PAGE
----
12. A computer system according to claim 11, wherein said second data (213) is arranged as another tree structure (ITyT), in which each node inherits the set of operations for its parent node.
13. A computer system according to claim 12, wherein said operations comprise first operations for elaborating and maintaining said object-oriented representation, and second operations for acquiring and accessing attributes of target objects, and said another tree structure (ITyT) has a root (Kobject), with at least certain of the first operations corresponding to that root.
14. A computer system according to claim 8, wherein said first data (213) is represented by a set of XML files.
15. A computer system according to claim 3, wherein said operations comprise Browsing operations, Debugging operations and Event operations.
16. A computer system according to claim 3, wherein said operations comprise Event-related operations, said Event-related operations comprising operations for relating incoming target events to target objects, operations for controlling propagation from a target event held by an object towards the root in said dynamic tree structure, and operations for selectively attaching Event channels to target objects in said dynamic tree structure, so that when a target object having an attached event channel receives an event, that event is included into its event channel.
17. A computer system according to claim 1, wherein said survey tool interface (219), is arranged for answering said commands according to at least one application language.
18. A computer system according to claim 1, wherein said survey tool comprises a generic survey tool (11) and an OS specific component (12).
19. A computer system according to claim 1, wherein said target comprises a target agent (29), acting as a server for said server module (20) as a client.
20. A computer system according to claim 1, wherein said target has a target operating system, with a stored local reference version thereof, and said operations comprise reading said stored local reference version of the target operating system.
21. A computer system according to claim 1, wherein said target has a target operating system, capable of writing a core file upon system error, and said operations comprise reading said core file in the target.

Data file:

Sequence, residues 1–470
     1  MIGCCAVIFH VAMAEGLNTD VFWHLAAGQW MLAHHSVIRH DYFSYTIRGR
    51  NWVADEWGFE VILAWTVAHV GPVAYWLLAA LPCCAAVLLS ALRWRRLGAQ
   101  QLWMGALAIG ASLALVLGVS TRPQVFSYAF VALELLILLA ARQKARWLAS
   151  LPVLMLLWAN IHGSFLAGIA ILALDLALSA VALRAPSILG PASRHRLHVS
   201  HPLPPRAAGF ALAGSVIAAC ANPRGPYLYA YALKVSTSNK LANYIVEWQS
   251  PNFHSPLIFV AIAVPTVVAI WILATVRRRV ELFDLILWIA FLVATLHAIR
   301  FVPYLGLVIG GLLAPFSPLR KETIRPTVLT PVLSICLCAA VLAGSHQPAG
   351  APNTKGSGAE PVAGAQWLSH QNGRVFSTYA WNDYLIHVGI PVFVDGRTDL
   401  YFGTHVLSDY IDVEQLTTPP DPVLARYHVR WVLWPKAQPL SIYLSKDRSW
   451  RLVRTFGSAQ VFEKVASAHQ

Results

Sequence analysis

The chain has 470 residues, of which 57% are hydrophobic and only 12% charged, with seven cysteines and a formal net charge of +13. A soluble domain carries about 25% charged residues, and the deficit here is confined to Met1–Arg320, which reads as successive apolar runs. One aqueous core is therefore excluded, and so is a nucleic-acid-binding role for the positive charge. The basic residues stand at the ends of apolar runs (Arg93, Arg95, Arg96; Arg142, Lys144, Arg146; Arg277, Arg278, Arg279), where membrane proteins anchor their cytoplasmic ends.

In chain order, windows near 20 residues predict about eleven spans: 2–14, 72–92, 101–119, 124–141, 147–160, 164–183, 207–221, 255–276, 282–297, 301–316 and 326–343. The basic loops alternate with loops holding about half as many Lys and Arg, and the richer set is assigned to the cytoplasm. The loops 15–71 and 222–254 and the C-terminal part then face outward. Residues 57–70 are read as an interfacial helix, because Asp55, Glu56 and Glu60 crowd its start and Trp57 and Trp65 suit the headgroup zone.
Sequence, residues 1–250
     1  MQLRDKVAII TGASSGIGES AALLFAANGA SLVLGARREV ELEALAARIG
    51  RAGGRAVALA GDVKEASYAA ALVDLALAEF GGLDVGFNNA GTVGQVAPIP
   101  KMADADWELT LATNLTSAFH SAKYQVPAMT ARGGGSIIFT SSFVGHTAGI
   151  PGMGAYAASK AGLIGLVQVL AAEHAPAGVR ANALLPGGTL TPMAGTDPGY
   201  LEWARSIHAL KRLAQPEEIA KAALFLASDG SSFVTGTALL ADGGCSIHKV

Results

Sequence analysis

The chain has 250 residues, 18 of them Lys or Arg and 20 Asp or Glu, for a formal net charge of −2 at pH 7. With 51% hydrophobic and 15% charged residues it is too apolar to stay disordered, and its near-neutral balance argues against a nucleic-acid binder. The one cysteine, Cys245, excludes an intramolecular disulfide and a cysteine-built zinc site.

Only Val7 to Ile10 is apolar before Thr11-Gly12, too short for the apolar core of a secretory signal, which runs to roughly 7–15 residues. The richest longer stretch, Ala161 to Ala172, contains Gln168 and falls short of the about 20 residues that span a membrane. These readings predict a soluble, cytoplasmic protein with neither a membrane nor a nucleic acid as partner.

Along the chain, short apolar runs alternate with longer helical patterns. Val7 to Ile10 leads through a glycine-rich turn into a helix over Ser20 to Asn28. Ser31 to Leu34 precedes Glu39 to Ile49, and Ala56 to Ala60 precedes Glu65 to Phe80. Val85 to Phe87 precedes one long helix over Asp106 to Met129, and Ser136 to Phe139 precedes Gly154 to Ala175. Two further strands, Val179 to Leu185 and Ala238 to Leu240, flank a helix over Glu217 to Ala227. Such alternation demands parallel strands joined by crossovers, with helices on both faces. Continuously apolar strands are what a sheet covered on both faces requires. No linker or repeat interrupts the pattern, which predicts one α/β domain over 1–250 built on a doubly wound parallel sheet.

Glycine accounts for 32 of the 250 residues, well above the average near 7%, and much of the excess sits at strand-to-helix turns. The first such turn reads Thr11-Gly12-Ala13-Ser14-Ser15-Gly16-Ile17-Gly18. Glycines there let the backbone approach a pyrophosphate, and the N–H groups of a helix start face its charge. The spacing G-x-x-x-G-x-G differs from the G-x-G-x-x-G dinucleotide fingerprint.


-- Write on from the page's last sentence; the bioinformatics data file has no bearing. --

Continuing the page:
22. A computer system according to claim 1, wherein said target and said host are installed on different computer stations, interconnected with each other.
23. A computer system according to claim 22, wherein said different computer stations are interconnected via a serial line.
24. A computer system according to claim 22, wherein said different computer stations are interconnected via a physical interface having the potentiality of stopping and restarting the target station processor, and said operations include operations directed to that physical interface.
25. A server software for use in surveying a target in a computer system, comprising code adapted to implement said server module (21) and survey tool interface (219) of anyone of claim 1.
26. A target agent software for use in surveying a target in a computer system, comprising code adapted to implement said target agent (29) of claim 19.
27. A method of surveying a target in a computer system, said method comprising the steps of:
a) providing a survey tool (11,12) in a host (H0),
b) providing said host with a server (20), capable of communicating with said target (T1),
c) in said server:
c1) elaborating and maintaining an object-oriented representation of said the target condition, and
c2) providing a survey tool interface (219), capable of adapting said survey tool to said object oriented representation.
28. The method of claim 27, wherein said survey tool interface (219) is arranged for answering commands from said survey tool (11,12) with information derived from said object-oriented representation of the target condition.
29. The method of claim 27, wherein said object-oriented representation comprises target objects, with each target object having attributes for storing corresponding target condition data, and with a correspondence between each target object and corresponding available operations.
30. The method of claim 29, wherein said operations comprise first operations for elaborating and maintaining said object-oriented representation, and second operations for acquiring and accessing attributes of target objects.
31. The method of claim 29, wherein said survey tool interface (219) is arranged for converting survey tool commands into operations available in said object-oriented representation.
32. A method according to claim 29, wherein step c1) comprises elaborating and maintaining said object-oriented representation in accordance with a dynamic tree structure (DOPT), in which said attributes are attached to a corresponding target node or a sub-node thereof.
33. A method according to claim 32, wherein first level subnodes of target nodes are selected within a group of generic target objects comprising at least: boot, processes or actors, threads, breakpoints and memory.
34. A method according to claim 29, wherein step c1) comprises:
storing a preselected set of target objects, comprising generic target objects, as well as instances of at least some of the generic target objects, a respective preselected set of attributes for each of the target objects, and a rule for uniquely designating the target objects, and